Accused killer walks as evidence ruled ‘weak’
The attorney for the man who walked free yesterday in the so-called beheading murder trial has cautioned the public to “separate our emotions from facts”.
Sanja Ducally, one of five men charged with the killing of a St Catherine woman and her teenage daughter was acquitted after High Court judge Vivene Harris found that prosecutors did not provide enough evidence to link him to the crime.
Harris, in her ruling on a no-case submission, explained that there was no evidence, on the case presented by prosecutors, of Ducally’s participation before or after the killings, or that he was involved in planning the attack.
Anthony Williams, who, along with Julie-Ann Bailey, represented Ducally, said that the verdict was not a surprise to him.
“I expected this verdict because, upon a careful and compendious examination of the evidence adduced by the prosecution, it was palpably weak and had no substance,” Williams told The Gleaner.
“Why the prosecution insisted on carrying on this matter, only God he knows.”
Ducally declined an interview when The Gleaner found him seated outside the Supreme Court building in downtown Kingston more than two hours after he had regained his freedom, sharing only that he was relieved to be free.
“It’s a good feeling. It’s a blessing. See all the rain start fall,” said the former assistant teacher at St Catherine Primary School who spent eight years in custody awaiting trial.
Williams said his client “just wanted to enjoy the fact that he can now breathe fresh air and enjoy the sunlight”.
Ducally, Kemar Riley, Adrian Campbell, Fabian Smith, and Roshane Goldson were arrested and charged with two counts of murder arising from the grisly slaying of Charmaine Cover-Rattray, 40, and her 18-year-old daughter, Joeith Lynch, inside their home in Lauriston, St Catherine, on July 20, 2011.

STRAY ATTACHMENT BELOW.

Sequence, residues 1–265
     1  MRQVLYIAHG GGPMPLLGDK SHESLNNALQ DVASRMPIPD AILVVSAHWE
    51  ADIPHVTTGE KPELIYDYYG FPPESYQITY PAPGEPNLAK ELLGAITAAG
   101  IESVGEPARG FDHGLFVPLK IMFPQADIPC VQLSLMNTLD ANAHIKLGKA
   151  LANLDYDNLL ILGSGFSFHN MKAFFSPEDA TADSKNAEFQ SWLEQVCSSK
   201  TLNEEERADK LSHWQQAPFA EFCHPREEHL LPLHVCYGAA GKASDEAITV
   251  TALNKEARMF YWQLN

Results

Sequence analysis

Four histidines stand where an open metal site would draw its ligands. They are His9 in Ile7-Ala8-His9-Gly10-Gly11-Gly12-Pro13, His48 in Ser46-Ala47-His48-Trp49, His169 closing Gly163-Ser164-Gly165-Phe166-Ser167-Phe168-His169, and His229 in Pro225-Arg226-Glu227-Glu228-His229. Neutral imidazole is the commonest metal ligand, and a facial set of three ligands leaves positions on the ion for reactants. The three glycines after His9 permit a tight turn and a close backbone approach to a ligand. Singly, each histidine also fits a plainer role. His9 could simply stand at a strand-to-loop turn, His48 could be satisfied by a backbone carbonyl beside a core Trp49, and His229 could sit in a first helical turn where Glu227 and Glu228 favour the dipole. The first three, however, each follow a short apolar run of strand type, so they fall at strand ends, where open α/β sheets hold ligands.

Campbell, Smith and Goldson pleaded guilty to non-capital murder and are scheduled to be sentenced on December 13.
Riley pleaded not guilty and his trial is ongoing in the Home Circuit Court.
Among the evidence so far presented by prosecutors is a video-recorded caution statement Ducally gave police investigators after he was arrested.
In the video, which was recorded just over a month after the killings and played for jurors, Ducally admitted that he was passing the women’s house on the night of July 20, 2011 when he “heard like someone was screaming” and went inside “to look what was going on”.
He told investigators that he was standing next to a man he identified as ‘Rushane’, who was chopping Lynch.
“While he was chopping, he swung the cutlass and it chopped me on my hand,” he recounted.
Williams acknowledged that the killings were “gruesome”, “dastardly”, and “heinous”, but insisted that Ducally should not have been charged.
“That caution statement had nothing to implicate Mr Ducally,” he insisted.
Meanwhile, Riley took the witness stand in his own defence and denied any involvement in the killing.
Riley also denied knowing a witness who said the accused killer admitted, during a jailhouse conversation, that he shot Lynch because “she did a bawl out too loud”.
“I never see that man until last week Thursday in the courthouse,” he testified, triggering an exchange with lead prosecutor Paula Llewellyn.
“Why would this man who you never see before come here to tell lie on you?” Llewellyn questioned.
“People wicked dem way deh,” Riley replied.
The trial continues today.